Concerns have been voiced by MEP Matt Carthy over proposed new EU legislation that would “force Irish farmers, hunters and gun-owners to pay millions of euro to replace their shotguns”.
The Midlands North West MEP was speaking after he attended the fifth ICTSF World English Sporting Championship hosted by the Irish Clay Target Shooting Association at Dowth, Co. Meath, last Saturday, July 6.
During his visit Carthy met with representatives of the Clay Target Shooting Association to discuss the proposals. He was disappointed that the Government has failed, thus far, to engage in talks with gun-owners about the proposals.
Commenting, Carthy said: “EU and Irish Government officials are seeking to ban the use of lead in shooting and fishing, making over 100,000 guns in Ireland completely obsolete.
“Consultation with game clubs has been almost non-existent.
We are looking at a situation where 70% to 80% of shotguns in Ireland will be rendered unusable and the cost of replacing these guns could amount to over €150 million.
The MEP noted that farmers account for more than half of gun users in Ireland.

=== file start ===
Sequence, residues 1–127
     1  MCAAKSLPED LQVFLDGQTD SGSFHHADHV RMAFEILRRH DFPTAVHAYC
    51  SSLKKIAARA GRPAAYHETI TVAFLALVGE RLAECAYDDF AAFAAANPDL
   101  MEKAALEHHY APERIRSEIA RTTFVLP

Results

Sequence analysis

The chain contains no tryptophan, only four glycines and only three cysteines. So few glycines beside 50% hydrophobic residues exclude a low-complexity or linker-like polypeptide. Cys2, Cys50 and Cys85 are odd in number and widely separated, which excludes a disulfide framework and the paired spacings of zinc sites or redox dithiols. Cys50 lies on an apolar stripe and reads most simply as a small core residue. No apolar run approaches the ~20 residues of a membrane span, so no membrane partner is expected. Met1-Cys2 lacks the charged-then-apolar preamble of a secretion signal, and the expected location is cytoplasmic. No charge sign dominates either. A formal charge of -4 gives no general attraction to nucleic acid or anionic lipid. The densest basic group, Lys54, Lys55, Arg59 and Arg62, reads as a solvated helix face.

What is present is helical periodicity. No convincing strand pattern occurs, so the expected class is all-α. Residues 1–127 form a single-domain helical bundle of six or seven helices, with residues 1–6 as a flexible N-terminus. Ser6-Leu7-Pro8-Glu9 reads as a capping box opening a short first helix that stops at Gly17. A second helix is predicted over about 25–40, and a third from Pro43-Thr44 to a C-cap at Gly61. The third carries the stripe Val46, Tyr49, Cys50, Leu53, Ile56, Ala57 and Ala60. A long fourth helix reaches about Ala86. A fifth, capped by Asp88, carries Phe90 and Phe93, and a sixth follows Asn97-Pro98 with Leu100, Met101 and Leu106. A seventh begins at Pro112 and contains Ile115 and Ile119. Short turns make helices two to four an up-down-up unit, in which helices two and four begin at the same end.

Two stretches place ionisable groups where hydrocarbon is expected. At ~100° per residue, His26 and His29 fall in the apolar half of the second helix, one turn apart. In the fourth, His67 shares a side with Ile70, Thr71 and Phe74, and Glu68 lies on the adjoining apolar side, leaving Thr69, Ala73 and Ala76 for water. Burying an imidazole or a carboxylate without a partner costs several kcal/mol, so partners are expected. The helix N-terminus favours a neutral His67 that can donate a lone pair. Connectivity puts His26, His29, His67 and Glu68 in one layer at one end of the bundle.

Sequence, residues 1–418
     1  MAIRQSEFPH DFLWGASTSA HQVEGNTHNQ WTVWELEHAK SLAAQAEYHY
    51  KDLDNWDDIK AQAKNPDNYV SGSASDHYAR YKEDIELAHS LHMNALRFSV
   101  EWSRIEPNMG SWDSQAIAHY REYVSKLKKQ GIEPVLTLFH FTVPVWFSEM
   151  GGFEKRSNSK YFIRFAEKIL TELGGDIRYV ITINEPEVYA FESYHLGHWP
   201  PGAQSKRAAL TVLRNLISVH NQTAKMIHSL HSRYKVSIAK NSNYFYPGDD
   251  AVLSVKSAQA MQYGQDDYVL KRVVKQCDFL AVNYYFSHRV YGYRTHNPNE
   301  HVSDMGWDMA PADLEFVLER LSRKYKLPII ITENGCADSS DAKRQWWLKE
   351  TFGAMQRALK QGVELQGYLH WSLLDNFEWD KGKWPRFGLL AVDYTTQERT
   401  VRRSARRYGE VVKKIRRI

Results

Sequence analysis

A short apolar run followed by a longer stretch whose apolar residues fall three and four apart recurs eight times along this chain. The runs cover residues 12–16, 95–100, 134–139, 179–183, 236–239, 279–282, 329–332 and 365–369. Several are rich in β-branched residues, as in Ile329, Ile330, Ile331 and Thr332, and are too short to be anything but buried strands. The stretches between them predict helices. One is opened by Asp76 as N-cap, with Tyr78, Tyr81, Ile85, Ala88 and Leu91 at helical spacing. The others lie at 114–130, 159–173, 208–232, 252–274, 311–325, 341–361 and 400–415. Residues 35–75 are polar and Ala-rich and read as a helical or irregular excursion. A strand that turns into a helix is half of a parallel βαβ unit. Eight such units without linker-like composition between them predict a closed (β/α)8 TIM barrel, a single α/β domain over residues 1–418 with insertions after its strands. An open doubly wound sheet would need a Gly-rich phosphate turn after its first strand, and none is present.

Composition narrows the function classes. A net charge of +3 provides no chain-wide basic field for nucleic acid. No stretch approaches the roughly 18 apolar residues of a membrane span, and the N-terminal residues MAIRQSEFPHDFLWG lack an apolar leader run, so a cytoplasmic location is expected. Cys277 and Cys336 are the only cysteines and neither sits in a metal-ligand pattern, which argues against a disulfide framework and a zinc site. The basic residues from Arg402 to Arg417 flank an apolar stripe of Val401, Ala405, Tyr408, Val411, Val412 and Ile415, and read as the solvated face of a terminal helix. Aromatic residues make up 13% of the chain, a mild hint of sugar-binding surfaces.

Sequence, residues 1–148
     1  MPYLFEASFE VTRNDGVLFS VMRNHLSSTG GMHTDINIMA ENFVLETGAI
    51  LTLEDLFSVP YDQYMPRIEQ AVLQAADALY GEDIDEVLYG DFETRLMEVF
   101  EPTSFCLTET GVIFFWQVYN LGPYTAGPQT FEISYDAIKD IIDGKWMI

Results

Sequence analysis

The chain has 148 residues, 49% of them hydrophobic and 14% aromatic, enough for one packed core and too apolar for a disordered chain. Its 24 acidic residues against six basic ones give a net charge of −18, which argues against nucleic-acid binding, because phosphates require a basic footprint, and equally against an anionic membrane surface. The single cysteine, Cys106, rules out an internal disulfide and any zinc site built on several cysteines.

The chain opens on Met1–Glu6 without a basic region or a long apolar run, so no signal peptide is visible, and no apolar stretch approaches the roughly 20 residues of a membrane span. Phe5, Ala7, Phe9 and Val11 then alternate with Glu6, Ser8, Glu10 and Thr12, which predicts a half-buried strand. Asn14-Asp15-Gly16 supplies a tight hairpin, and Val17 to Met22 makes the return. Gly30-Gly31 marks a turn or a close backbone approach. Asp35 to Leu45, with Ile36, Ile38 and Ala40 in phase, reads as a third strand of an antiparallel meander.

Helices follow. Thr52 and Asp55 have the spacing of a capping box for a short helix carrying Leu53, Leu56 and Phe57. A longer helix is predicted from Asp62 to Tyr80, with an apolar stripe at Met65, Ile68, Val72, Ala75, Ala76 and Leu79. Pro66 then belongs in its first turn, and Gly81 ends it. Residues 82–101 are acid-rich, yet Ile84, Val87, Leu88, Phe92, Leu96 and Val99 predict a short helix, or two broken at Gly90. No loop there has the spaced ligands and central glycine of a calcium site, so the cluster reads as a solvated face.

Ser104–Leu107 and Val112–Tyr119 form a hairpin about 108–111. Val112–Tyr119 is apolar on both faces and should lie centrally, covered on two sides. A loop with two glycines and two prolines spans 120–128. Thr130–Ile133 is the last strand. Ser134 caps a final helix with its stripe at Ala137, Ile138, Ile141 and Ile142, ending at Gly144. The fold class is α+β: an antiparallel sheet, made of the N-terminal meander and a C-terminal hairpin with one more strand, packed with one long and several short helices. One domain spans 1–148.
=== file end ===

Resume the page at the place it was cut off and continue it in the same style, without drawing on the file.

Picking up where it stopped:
“With the cost of replacing a gun ranging between €750 to €1,000, this is imposing a major financial burden on many hard-pressed individuals,” he said.
“If owners seek to have their guns modified to comply with the new legislation which bans lead shot in favour of steel, they cannot do so in this country as the facilities for doing so simply don’t exist here.
The only option open to gun owners is to send their gun to Britain to be modified at a cost of anything up to €300 per gun.
Accusing both Fine Gael and Fianna Fáil of enacting the European proposal which he said has caused “further alienation in rural communities”, the Sinn Féin MEP added:
“The EU proposals, as they currently stand, are unworkable and costly and are essentially tokenistic because they will result in the withdrawal from conservation measures, a key constituency in the delivery of them, namely farmers and game clubs.
“Sinn Féin strongly supports the sustainable pursuit of traditional rural occupations including hunting and fishing, which are vital to the life and economy of rural Ireland.
“I have been engaging with both the commissioner and European Ombudsman on this issue and will continue to work closely with game councils and conservation organisations to ensure that there is a full and robust dialogue process before the enaction of this legislation is further contemplated,” Carthy concluded.